How Cancer Patients Can Maintain Sexual Health

July 18, 2018

Sexual health involves physical, emotional, and social well-being—and, for many people, it is impacted by cancer treatment. Changes in sexual health vary from one patient to another, but can involve:

  • Reduced sexual desire
  • Reduced pleasure in sexual activity
  • Difficulty reaching orgasm
  • Negative feelings about one’s sexual attractiveness
  • Pain during sexual activity
  • Erectile dysfunction and ejaculation issues
  • Vaginal dryness and tightness

These issues may be caused by common cancer treatments such as chemotherapy, hormone therapy, radiation, or surgery. Systemic treatments like chemotherapy and hormone therapy can affect hormone levels in the body, which in turn can affect a patient physically and emotionally. Changes in levels of estrogen and testosterone, in particular, can impact sexual desire and function. Surgeries, depending on the patient and the type of procedure, can affect physical appearance as well as sexual function.

While issues of sexual function can often be addressed with medication and sexual rehabilitation, body alterations and changes in appearance—for example, after a mastectomy or head and neck cancer—can have a large impact on body image. Such physical changes may cause patients to feel less attractive or desirable, and can even result in feelings of reduced self-esteem.

It is not uncommon for patients or partners to worry about being intimate during or after treatment. While the nature of one’s sex life may change because of cancer treatment, it doesn’t mean that patients and partners have to give up this aspect of their life completely. Sharon Bober, PhD, director of Dana-Farber’s Sexual Health Program, stresses that there are ways to address and improve sexual health issues for cancer patients.

“There are effective strategies and solutions,” says Bober. “If changes in sexual health or in an intimate relationship are bothering you, look into getting help—these issues do not have to be the price you pay for cancer treatment.”

Sharon Bober, PhD, is a clinical psychologist and director of the Sexual Health Program at Dana-Farber.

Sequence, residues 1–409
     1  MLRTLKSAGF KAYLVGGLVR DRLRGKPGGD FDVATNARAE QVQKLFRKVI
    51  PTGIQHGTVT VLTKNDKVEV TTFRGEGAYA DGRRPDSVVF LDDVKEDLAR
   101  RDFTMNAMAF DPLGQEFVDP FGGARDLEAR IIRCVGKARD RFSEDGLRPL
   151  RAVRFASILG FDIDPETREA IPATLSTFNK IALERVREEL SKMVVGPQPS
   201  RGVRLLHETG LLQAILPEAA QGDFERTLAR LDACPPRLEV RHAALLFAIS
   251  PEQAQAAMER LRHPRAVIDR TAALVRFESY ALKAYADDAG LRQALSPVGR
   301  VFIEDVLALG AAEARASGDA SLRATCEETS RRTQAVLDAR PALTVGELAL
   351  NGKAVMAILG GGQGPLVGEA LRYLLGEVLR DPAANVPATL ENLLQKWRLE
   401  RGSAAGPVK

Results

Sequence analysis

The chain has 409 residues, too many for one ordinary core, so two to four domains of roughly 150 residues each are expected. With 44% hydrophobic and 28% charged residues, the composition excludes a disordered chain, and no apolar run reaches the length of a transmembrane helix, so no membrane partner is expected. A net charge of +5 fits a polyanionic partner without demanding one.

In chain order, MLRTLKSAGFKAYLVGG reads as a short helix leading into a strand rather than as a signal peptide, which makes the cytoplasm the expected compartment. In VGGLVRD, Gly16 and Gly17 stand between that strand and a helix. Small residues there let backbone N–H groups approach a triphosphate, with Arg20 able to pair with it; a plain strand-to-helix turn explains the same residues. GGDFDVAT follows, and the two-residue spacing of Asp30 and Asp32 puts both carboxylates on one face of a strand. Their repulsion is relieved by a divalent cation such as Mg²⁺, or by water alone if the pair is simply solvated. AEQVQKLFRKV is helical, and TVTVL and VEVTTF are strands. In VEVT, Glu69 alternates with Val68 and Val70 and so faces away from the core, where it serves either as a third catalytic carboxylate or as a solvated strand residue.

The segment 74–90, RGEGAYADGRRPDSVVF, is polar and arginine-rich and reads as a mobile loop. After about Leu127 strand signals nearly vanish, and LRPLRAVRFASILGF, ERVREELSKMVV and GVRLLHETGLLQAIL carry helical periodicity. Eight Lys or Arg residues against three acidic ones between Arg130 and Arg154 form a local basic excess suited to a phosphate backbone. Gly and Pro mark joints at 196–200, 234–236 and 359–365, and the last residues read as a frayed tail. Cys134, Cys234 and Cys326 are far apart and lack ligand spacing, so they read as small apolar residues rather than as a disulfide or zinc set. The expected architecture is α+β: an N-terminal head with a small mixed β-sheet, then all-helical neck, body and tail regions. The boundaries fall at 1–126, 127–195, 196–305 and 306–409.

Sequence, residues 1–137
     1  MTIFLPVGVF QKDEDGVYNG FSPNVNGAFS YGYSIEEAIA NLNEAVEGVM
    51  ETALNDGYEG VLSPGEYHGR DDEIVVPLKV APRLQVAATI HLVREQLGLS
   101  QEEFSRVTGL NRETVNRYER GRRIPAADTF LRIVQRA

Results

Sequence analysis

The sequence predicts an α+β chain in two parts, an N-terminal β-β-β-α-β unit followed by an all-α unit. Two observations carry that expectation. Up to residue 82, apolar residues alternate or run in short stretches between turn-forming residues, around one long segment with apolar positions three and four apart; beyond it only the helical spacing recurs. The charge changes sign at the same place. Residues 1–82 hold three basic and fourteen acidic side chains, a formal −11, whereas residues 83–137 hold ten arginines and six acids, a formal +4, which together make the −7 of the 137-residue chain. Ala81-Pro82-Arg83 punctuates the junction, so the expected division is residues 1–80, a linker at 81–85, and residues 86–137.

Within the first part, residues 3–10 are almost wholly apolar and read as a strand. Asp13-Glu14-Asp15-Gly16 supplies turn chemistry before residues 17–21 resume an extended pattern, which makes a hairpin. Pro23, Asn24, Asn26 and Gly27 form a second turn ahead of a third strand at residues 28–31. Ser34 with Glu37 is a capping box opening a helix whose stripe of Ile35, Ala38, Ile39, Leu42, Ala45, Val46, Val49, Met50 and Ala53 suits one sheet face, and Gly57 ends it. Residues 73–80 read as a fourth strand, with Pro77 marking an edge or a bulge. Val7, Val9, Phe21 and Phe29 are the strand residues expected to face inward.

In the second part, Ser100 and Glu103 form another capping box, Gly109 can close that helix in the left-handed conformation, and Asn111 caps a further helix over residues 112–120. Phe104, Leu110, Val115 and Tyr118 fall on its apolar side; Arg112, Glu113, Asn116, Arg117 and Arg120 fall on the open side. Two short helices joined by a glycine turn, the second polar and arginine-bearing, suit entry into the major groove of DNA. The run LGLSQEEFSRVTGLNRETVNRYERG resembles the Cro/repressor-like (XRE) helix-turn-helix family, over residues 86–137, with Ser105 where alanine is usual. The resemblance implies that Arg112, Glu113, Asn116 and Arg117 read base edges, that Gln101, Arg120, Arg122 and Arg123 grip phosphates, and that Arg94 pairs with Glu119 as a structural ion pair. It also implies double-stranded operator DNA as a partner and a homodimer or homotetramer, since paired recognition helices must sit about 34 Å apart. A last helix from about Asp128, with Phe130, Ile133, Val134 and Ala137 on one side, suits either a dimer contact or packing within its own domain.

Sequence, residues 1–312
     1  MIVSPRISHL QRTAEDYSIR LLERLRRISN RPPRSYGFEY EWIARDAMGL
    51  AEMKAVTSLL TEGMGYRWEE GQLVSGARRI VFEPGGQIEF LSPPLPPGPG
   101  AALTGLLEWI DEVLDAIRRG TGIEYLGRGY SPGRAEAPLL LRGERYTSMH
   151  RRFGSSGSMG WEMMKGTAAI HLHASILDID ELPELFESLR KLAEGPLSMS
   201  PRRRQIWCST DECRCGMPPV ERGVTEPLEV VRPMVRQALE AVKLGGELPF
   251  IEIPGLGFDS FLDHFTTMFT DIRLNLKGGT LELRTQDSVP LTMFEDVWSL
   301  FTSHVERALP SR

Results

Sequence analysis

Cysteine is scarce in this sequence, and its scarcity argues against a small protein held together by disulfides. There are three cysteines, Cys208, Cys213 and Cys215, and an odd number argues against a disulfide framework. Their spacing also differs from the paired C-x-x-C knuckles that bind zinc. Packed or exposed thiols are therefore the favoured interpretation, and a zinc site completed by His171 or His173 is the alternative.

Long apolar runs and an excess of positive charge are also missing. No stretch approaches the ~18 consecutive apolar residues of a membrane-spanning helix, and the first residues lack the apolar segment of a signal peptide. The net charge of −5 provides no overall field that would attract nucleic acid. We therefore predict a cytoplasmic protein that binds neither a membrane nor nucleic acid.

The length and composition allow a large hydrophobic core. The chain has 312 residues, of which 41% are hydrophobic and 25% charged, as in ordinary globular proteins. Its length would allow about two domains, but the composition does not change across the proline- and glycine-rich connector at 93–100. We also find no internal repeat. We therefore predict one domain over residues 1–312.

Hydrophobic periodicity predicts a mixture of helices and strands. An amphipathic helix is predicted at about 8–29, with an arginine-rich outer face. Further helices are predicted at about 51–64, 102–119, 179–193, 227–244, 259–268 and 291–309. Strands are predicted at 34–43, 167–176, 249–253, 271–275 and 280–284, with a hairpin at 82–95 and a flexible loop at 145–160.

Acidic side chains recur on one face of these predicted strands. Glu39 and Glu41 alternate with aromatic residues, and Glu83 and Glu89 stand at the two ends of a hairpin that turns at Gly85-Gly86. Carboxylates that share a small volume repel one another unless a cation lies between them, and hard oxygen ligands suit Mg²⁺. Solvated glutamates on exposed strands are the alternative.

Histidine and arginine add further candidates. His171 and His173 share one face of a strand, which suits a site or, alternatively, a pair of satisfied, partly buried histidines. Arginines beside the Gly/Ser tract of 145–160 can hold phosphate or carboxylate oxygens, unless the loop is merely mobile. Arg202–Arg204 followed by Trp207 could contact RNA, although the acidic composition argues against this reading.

Sharon Bober, PhD, is a clinical psychologist and director of the Sexual Health Program at Dana-Farber.

Both men and women can experience a loss of libido, or sexual desire, during or after cancer treatment. While disrupted hormone levels from treatments play a role in this, physical, emotional, and relationship factors also strongly impact sexual desire. Some patients may find sex painful as a result of treatment, which impacts sexual desire and reduces sexual pleasure. Finding ways to physically alleviate the discomfort is possible, but equally important is a willingness to adapt what intimacy and sexual relationships look like. In a way, cancer treatment can be an opportunity to find new ways to experience sexual pleasure.

Among women with cancer, symptoms of menopause, including vaginal dryness, vaginal burning, and pain during sexual activity, tend to be the most common issues experienced during treatment. Symptoms occur because of decreased estrogen levels as a result of chemotherapy drugs and can be treated with both lifestyle changes and topical local management products, such as lubricants and vaginal moisturizers.

Erectile dysfunction is often the most troubling sexual health issue for men with cancer. Men often assume that phosphodiesterase (PDE) inhibitors and vasodilator drugs are the only options available, but should be aware that there are other potential treatment methods, such as a vacuum erection device or penile injection therapy.

A patient’s body changes during and after treatment, so having patience and a willingness to adapt to these changes is part of maintaining one’s sexual health. “You can maintain and often improve intimacy,” says Bober, “even if sexual function may not look exactly the same  way it used to.”

Learn more from the Sexual Health Program for Cancer Patients and Survivors at Dana-Farber Cancer Institute.